Tuesday, May 30, 2017

Fund-Raising Post. And On Trump's Language Through the Ages.

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Trump's limited vocabulary has troubled me for some time.  It is an odd aspect of the most powerful man on this earth.  His basket of adjectives is oversupplied with "greatest" "tremendous" "crooked," "corrupt," "bad" and "evil," all very emotional and basic adjectives, easily used for the purposes of exaggeration.

But it's not just Trump's limited vocabulary which troubles me, it's also the way he describes the day-to-day policies and politics of his job as the president of the United States.  If Trump was female,  critics would immediately see the way he evaluates other heads of states based on how he likes them as people and how nice they were to him,  because those are assumed to be stereotypical female characteristics.

All this made me want to know if Trump has always used the same limited vocabulary in the same self-centered and emotionally concrete manner*, or if that is a new development.  Note that should the latter turn out to be the case, we still wouldn't be able to tell why his vocabulary might have changed.  The changes could be a conscious policy, an attempt to come across as a simple man-of-the-people, or they could be evidence of verbal deterioration or both.

To learn more about this I went to YouTube and chose several videos from 1980 to 2017 where Trump was being interviewed on television**.  Interviews provide a context for speech that stays roughly constant over time, though the topics of the interviews do differ.  The earlier interviews I found are about Trump's real estate deals, while the later ones are more focused on politics.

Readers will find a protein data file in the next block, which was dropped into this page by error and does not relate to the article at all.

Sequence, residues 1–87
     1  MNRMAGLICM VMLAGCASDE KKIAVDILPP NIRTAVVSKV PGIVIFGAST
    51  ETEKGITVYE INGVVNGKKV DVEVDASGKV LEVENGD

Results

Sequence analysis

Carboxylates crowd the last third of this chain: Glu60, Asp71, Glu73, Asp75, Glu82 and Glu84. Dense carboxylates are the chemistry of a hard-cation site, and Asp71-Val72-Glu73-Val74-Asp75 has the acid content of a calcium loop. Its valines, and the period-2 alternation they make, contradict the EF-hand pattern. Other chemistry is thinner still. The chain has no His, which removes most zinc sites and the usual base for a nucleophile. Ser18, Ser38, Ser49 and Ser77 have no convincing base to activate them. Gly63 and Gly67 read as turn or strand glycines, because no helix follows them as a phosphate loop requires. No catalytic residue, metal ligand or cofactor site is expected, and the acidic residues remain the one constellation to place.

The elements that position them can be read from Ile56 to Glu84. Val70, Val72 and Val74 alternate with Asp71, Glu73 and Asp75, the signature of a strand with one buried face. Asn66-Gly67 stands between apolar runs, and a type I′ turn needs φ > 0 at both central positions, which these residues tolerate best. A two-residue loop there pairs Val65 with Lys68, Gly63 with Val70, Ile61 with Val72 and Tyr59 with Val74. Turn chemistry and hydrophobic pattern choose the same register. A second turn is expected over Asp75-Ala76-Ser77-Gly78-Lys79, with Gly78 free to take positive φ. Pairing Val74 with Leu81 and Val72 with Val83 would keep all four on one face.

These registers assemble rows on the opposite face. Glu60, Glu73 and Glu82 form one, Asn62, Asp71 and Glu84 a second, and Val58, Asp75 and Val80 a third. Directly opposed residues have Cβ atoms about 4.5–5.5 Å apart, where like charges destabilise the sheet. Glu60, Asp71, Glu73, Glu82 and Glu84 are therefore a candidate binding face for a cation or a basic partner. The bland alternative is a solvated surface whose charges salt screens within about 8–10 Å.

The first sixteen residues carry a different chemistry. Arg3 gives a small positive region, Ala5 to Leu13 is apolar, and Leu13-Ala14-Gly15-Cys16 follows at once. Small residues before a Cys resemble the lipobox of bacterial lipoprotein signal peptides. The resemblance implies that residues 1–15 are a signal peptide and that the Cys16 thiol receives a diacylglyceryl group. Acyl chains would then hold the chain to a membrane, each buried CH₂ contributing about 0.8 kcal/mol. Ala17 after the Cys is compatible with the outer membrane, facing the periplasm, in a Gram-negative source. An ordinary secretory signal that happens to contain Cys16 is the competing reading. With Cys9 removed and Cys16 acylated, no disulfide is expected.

It's important to stress that this tour of Trump's language over time is not a proper research piece.  That would require the kind of skills linguists have.  All I wanted to do is to see if anything obvious would stick out when one speed-listens to Trump speak over the last 37 years.

And I'm not sure what might stick out.  My tentative conclusions are these: 

1.  If we compare the Trump of 1980 to the Trump of 2017 the differences in the dexterity with which he uses language, in his demeanor and in the emotional content of the speech are pretty clear.

But that might be true just because of the passing of the time and the changes in the topics which are covered in the various interviews.  For example, the 1980 interview is about his real estate business, an area where he stood on the firmest of grounds, while the 2017 interviews were given after the first hundred days of his much-criticized presidency.  He would feel more threatened in the latter circumstances.

2.  Trump hated the media a long time before he decided to use that hatred as a Republican meme. 

3.  His use of certain strong-and-simple adjectives ("great," "tremendous," "bad") is not entirely recent, but its frequency seems to have increased from 2007 onward (though this, too, could be an artifact of some interviews having more anger-causing topics).

4.  The self-praise and self-congratulatory aspect of Trump's current speech is very much stronger than anything I could find in his earlier interviews.  If he gave himself credit in those, he did it in a much more subtle manner.

I would love to see a proper study of this topic.


* I can't think of a better term for the kind of concreteness I believe his speech conveys.  He seldom leaves the narrow emotional word around Donald Trump, even when he talks about global politics.

** If you wish to spend some time on videos of that type, here are the ones I watched yesterday: Trump 1980Trump 1988 (from 16:14 onward), Trump 1989, Trump 1990, Trump 1998Trump 2005 (with Melania Trump), Trump 2007Trump 2010Trump 2014, Trump 2017